Favorite pastimes like knitting and crocheting turn ugly for those who suffer from tendinitis. (Jennifer Bardsley)

Favorite pastimes like knitting and crocheting turn ugly for those who suffer from tendinitis. (Jennifer Bardsley)

Put down those needles! Struggles of a recovering yarn addict

She gave up knitting and crocheting 13 years ago due to tendinitis and carpel tunnel. It hurts.

When my daughter asked me for knitting lessons, I immediately said: “Yes.”

“Don’t do it,” said my husband. “You know what happens when you knit.”

“I’ll be fine.” I opened the door to the garage and marched into darkness. After I flicked on the light, I rummaged around storage boxes and uncovered three skeins of yarn. Unfortunately, I couldn’t find the knitting needles. I must have donated them when I went cold turkey. But I did find a crochet hook.

I raced out of the garage and upstairs to my daughter’s room.

“Let’s start with crochet,” I told my fourth grader. “That’s what I learned first.” I pointed out the obvious advantages, one hook instead of two needles, and one stitch instead of knit and purl. “Of course, crocheting doesn’t have to be boring,” I said, pushing up my reading glasses. “There’s double crochet and the granny stitch, chevrons and tatting.” My heart was beginning to race. “But you can single crochet both directions and it’s really easy.”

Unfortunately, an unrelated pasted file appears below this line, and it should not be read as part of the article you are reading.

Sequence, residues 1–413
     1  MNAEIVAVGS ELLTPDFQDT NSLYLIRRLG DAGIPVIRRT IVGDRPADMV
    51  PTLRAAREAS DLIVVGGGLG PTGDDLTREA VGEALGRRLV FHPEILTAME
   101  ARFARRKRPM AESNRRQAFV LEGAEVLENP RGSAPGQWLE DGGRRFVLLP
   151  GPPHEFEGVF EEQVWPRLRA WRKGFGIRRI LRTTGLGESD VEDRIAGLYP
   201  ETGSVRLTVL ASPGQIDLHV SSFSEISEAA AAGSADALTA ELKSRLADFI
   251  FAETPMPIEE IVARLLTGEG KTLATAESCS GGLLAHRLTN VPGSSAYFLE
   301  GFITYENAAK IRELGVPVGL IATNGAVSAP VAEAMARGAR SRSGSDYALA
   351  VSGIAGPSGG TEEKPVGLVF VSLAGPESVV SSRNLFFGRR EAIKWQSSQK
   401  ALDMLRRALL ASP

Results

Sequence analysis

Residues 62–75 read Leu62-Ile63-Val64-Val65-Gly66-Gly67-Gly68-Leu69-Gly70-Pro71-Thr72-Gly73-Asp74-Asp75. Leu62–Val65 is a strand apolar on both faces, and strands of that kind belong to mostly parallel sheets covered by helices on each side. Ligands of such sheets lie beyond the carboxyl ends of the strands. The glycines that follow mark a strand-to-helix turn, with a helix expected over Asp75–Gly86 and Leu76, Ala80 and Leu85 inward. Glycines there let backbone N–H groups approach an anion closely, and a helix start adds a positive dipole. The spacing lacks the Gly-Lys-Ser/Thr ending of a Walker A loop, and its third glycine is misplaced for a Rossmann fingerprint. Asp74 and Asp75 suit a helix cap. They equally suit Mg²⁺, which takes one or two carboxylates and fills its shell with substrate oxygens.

“Great.” My daughter reached for the yarn. “I want to make a scarf.”

“Not so fast.” I yanked the skein away. “Let me start the first two rows for you. That’ll make it easier.”

“Put down the yarn!” My husband called from downstairs. “I beg you.”

“Don’t listen to him.” I closed the door, sat down on the carpet under the light and tugged at the skein. “Worsted weight yarn. So basic, and yet so versatile.” My fingers wrapped around the steel hook and I chain-stitched the foundation.

It’d been 13 years, but my hands knew exactly what to do. Endorphins flooded my bloodstream as my mind zoned out into the rhythmic hook and release of the yarn. My fingers flashed, the yarn twisted off the hook and one row turned into two.

My daughter raised her eyebrows. “Wow, Mom, you’re really good at that.”

“Oh, sweetheart,” I said without one ounce of humility, “I’m an expert.”

The past stretched behind me like an afghan trailing down the stairs. My 20s were full of blankets, sweaters, lace and scarfs. My 30s were a wasteland of nothing. Now, here I was at 40, hook in hand, feeling the buzz of relaxation mixed with creativity.

“Is it my turn yet?” my daughter asked.

“One more row.” I poked and prodded the yarn, explaining each move as I went. “Poke. Hook. Pull it through. Release. It’s easy-peasy,” I said — but it wasn’t. My right hand cramped. Pain shot up my arm like a rocket. My wrist ached and then went numb.

Those old friends of mine, Tendinitis and Carpal Tunnel, had shown up for old-times’ sake.

“Here.” I thrust the yarn into my 9-year-old’s hands. “Your turn.”

“This is really hard,” she said a few minutes later. “Can you show me again?”